woensdag, februari 19, 2003

Andy Flower and Protests

Admittedly, when I first saw Andy Flower's name in the news this morning, I had no idea who he was. I didn't know if it was the name of yet another hip new band of espresso-sipping, Sartre-obsessed nihilistists whose pyrotechnics set off a fire in the club they were playing, or an evil spinoff of the Andy Dick Show.

Turns out, Andy Flower plays cricket. I don't know much about cricket other than that England, a bunch of her old colonies and a few other stray commonwealth nations get together to play it in tournaments. I confess that even when in far-away lands where the fare of sport television is minimal to non-existent, even in this sports vacuum, I don't watch cricket matches and never will.

But Andy Flower isn't in the news simply because he plays cricket. He is in the news because he is from Zimbabwe, one of the priliminary round venues of the ICC Cricket World Cup 2003 and a country notorious for its President, Robert Mugabe, whose regime has endorsed human rights abuses and rigging of elections. Andy Flower is also in the news because he expressed displeasure over the state of affairs in his strife-torn country and said he would wear a black armband throughout the World Cup tournament to "mourn the death of democracy in the country.".

In fact, both he and teammate Henry Olonga said "we cannot in good conscience take to the field and ignore the fact that millions of our compatriots are starving, unemployed and oppressed.".

Many years ago, in the 1968 Mexico Olympics, US sprinters Tommie Smith and John Carlos gave a black power salute from the 200 metres medal podium to protest at the treatment of blacks in their country. The incident caused outrage and they were suspended and ordered to leave the Olympic village. Both found it difficult to get jobs for years to come.

Thus far, there has been no official reaction from the Mugabe administration other than to say it was "considering" its response. Although it seems clear that both players have jeopardized their international careers, given Mugabe's record as a ruler with a chilling history of torturing and murdering opponents, the personal safety of the two players might be more of a concern at this point than their future as cricket players.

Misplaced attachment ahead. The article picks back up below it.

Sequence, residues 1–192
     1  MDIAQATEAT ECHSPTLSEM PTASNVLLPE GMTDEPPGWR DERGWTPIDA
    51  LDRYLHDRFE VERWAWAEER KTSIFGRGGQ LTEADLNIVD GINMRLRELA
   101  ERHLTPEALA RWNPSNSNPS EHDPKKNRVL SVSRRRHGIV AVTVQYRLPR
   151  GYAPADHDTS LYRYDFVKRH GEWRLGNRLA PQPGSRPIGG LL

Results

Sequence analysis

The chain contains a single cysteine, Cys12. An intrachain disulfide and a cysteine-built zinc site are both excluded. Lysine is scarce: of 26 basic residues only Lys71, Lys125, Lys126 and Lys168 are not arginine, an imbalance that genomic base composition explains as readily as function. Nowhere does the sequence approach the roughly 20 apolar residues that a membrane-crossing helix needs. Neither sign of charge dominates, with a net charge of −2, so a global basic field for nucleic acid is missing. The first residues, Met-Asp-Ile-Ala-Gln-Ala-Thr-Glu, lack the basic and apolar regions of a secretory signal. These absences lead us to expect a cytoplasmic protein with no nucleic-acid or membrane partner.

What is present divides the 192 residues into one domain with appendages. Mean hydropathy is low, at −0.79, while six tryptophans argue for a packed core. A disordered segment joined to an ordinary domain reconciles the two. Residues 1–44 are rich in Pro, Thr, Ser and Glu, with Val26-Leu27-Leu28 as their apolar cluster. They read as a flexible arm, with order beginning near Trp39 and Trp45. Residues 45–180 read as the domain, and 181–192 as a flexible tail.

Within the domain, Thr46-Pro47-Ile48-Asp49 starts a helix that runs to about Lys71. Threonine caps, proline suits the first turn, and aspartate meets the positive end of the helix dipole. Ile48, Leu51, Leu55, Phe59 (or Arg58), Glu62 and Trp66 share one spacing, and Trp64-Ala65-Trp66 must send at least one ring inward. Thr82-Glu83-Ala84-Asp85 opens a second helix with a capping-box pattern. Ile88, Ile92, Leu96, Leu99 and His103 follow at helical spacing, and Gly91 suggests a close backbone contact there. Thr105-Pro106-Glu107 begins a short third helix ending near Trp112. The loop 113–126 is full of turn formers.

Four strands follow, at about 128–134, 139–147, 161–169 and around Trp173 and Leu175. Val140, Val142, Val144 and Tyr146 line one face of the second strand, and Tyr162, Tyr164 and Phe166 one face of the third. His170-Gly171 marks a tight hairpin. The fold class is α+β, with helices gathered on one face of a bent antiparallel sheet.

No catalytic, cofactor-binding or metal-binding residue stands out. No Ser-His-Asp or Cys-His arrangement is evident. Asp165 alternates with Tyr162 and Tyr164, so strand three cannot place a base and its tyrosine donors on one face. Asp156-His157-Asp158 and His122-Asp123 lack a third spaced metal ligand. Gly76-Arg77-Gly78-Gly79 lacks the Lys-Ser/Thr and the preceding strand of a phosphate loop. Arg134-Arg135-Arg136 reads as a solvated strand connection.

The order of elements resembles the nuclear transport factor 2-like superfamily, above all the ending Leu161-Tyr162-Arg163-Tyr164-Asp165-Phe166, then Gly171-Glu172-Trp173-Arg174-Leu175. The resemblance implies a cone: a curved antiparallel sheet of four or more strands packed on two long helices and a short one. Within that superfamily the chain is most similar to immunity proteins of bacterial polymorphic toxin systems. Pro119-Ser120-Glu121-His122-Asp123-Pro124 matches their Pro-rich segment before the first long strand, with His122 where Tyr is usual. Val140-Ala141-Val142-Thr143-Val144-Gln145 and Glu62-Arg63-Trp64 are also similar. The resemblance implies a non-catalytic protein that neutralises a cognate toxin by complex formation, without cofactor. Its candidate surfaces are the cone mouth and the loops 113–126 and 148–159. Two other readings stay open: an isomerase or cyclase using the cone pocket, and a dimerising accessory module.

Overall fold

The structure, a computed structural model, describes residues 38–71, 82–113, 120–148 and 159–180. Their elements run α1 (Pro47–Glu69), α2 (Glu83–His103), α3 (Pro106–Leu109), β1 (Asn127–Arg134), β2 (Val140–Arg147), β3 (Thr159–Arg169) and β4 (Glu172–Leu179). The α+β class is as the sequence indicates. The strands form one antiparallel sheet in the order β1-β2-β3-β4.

You wouldn't think cricket could generate such a sensation. England recently decided to boycott what would have been their cup opener in Zimbabwe. Not, as one might hope, because of Mugabe's human rights record but because they didn't think it would be "safe" to play there.

Mugabe himself casts a rather large shadow over events as he will be allowed to visit Paris next week for an African leaders’ summit despite an EU travel ban on him, his wife and more than 70 members of his political circle and their families in protest at human rights abuses by his regime. There are even rumors that Mugabe will be arrested upon his arrival in Paris. It was demanded by human rights advocates that the French authorities detain Mr Mugabe under the country's anti-torture legislation as soon as he arrives to attend a Franco-Africa summit.

Once again, a tale is woven between factions of all sorts; diverse self-interests, politics, sports and of course, athletes. This time, instead of an athlete's name soiled in the news for drug violations, assaults, and the usual narratives of woe and self-indulgence, it is for a change, associated with dignity and bravery.

So while cricket still sparks no flicker of passion for me, at least I've come to respect Andy Flower and Henry Olonga. Even if before this morning, I'd never heard of them.

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